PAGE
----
Tag Archives: Vani Court

Street Spotlight: Vani Court

This is the 5th story in “06880”‘s series highlighting Westport’s roads.

In 1948 a small road was built as temporary veterans housing. Named Vani Court in honor of Michael Vani — killed in the line of duty during World War II — it was expected that when Westport’s housing supply caught up with postwar demand, the small homes would be torn down.

Though basically just shells — 2 bedrooms, kitchen, living room, with kerosene space heaters, supported by 6 concrete piers, and with topsoil provided in piles for anyone desiring a lawn — they proved popular.

An early renter, in front of a Vani Court home.

A couple of years later, Westport’s Housing Authority reversed course. They offered to sell the homes to tenants.

The 20 homes were quickly snapped up. Three more were soon built.

Vani Court, from 1,000 feet. The Compo Road South entrance is not shown; it would be on the left side. (Aerial photo/Carl Hamann)

The original owners’ names include a who’s who of Westport: Romano, Van Zandt, Benos, Feeney, Bowes, Dorta, Baker, Verina, Giunta.

Nine of the original World War II veterans who lived on Vani Court.

Seven decades later, Vani Court — nestled next to the railroad tracks off South Compo Road, on the right just past the bridge as you head to the beach — remains.

Nearly every home is an original. Only a couple have been torn down. (Longtime residents were nervous when that happened. But, one says, “the newcomers roll with Vani Court.”)

The road is one of Westport’s last old-fashioned true neighborhoods. It’s not just a place where kids ride bikes and play games up and down the cul-de-sac, and wander freely in and out of friends’ homes.

It’s a place where families stay, and put down roots. Children move into parents’ homes, and raise their own children there.

Many residents like their roads. Vani Court residents love theirs. And they are intensely proud of it.

Vani Court, via Google Earth View.

Elaine Daignault grew up in Greens Farms. She and her husband Jesse moved to Vani Court in 1997. Their children grew up there, and — like Elaine — graduated from Staples High School.

Jackson Daignault wrote his college application essay about Vani Court. He said that on the close-knit street he “learned how to comfortably interact with all kinds of people, to observe without judging, and to go with the flow in a community where so many strive to appear perfect.”

Playing basketball in the street, riding out a hurricane with several families in one house, and growing up knowing every neighbor’s name gave him “an understanding I never could have reached living in my own wing of a mansion.”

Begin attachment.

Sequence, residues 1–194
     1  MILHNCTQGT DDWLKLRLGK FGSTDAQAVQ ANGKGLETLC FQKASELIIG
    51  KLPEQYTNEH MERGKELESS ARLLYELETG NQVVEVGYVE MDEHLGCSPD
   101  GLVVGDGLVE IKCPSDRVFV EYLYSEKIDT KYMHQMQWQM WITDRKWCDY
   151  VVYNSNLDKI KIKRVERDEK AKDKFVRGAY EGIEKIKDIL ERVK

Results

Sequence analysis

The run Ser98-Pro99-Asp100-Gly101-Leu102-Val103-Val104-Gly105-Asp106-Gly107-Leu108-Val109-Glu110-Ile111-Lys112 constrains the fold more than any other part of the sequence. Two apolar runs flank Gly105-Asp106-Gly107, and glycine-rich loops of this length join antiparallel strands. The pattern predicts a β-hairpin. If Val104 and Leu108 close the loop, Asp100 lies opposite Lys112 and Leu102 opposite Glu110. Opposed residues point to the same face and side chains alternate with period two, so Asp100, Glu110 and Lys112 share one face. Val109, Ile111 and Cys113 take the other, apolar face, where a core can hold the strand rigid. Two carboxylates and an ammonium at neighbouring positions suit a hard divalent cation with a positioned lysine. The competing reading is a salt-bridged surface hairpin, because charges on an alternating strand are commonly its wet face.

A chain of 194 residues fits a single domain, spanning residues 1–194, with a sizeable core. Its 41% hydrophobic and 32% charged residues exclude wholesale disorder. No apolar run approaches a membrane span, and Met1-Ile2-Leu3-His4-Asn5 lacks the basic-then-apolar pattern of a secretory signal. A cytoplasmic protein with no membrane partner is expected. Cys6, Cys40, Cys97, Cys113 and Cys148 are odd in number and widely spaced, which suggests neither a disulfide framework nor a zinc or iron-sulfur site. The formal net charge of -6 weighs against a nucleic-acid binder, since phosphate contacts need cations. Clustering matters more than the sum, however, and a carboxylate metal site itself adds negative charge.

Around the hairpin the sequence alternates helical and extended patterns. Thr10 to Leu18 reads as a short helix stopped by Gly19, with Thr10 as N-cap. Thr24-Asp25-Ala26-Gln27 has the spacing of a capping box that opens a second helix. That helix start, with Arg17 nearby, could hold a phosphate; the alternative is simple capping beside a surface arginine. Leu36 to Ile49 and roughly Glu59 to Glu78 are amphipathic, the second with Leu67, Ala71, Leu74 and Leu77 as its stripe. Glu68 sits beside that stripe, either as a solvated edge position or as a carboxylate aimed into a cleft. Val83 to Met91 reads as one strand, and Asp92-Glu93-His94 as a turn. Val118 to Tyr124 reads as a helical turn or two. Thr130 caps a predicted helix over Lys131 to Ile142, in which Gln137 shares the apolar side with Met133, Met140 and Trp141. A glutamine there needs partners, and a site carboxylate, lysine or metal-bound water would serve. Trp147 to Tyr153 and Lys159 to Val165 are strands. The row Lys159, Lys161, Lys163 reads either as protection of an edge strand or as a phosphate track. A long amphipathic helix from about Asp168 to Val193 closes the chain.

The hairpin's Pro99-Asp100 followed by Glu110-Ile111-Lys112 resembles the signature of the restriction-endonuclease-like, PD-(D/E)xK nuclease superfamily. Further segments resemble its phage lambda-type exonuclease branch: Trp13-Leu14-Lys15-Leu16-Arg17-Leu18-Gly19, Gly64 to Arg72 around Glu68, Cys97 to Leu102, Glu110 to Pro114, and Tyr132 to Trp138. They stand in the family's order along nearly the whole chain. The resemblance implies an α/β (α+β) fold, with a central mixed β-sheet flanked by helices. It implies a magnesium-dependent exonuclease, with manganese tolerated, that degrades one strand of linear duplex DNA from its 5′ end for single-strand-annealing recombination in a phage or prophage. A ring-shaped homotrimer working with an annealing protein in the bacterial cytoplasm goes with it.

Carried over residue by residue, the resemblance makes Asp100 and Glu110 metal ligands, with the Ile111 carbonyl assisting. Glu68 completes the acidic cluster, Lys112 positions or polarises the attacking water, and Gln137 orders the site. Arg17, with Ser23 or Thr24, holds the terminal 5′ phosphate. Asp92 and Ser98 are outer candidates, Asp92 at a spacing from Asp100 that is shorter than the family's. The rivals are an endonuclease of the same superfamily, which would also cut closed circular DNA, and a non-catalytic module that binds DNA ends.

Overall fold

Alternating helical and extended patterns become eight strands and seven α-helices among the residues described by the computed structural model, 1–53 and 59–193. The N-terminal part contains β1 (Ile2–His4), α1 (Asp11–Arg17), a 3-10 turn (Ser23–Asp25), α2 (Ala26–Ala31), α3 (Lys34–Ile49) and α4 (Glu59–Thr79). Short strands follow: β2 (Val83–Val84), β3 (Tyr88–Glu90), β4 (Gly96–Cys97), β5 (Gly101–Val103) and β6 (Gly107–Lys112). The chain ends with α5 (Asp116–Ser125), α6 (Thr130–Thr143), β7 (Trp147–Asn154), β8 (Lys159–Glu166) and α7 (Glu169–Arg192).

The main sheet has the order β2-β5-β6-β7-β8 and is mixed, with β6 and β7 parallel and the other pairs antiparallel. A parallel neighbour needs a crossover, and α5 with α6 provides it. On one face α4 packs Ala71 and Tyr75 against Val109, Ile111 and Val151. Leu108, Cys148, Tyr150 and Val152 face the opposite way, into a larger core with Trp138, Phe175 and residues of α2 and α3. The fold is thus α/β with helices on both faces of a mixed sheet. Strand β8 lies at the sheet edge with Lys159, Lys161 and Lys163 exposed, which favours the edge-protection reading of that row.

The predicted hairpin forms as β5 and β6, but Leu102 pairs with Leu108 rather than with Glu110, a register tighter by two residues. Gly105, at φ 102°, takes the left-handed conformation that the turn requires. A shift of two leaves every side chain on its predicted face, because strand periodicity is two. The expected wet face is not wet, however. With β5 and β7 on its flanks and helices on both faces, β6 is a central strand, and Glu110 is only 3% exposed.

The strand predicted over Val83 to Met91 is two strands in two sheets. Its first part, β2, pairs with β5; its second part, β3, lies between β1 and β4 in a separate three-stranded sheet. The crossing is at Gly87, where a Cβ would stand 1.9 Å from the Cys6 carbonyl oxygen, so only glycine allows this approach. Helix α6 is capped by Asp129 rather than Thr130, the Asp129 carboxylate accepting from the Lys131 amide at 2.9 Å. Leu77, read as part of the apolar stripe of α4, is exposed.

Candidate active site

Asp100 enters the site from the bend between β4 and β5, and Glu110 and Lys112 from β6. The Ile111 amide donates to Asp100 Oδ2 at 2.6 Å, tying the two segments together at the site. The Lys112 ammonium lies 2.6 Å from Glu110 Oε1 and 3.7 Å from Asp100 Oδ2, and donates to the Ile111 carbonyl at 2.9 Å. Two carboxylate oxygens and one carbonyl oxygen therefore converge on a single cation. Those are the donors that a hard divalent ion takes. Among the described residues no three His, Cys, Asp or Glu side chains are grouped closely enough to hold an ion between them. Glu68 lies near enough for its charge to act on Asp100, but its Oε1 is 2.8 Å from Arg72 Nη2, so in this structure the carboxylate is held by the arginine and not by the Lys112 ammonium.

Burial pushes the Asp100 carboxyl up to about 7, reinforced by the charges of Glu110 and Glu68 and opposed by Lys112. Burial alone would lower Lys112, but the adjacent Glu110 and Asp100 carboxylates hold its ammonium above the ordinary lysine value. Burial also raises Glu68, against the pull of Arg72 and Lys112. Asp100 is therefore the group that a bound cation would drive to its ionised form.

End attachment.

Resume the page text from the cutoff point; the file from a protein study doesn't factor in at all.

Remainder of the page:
In fact, Jackson said, “the sound of the commuter train, just steps from my kitchen window, has been the soundtrack that shaped who I am today.”

Kids of all ages play together on Vani Court.

Elaine — who is Westport’s director of human services — appreciates from a mother’s perspective the comfort of knowing neighbors looked out for her kids, just as she did for theirs.

“Anyone who needs helps can knock on any door,” she says — and that goes for any age. “Literally, if someone needs a cup of milk, we’ll bring it over. And if someone takes a tree down, everyone comes over, chops wood and brings it home.”

Jonathan Greenfield lives near — but not on — Vani Court. When his dog Buddy was lost, neighbors rallied around to find him. Here they are together again, on the road.

Vani Court is located a few steps from one of Westport’s true hidden gems: the  Saugatuck River railroad bridge pedestrian walkway. Linking South Compo with the train station, it’s a great amenity for residents who commute — or want to walk to Saugatuck. (It’s also a wonderful place to watch the fireworks.)

Just as great, Elaine says, is that kids can ride their bikes from Vani Court to the beach without ever crossing South Compo.

She is amazed — but not surprised — that families raised several children in the small homes. On the street’s private Facebook group, she sees photos of kids waiting for school buses in the 1950s. The images are similar to those of her own kids — and now, the younger families moving in.

Easter on Vani Court. This photo could have been taken years ago — or this year.

Elaine mentions the Boone family. Jon Boone’s in-laws — the Kappuses — moved to Vani Court decades ago.

Jon — a noted youth coach — bought that house. After he died suddenly last year, neighbors rallied round. They celebrated his life together by erecting a large screen and sitting outside, in the rain, watching football.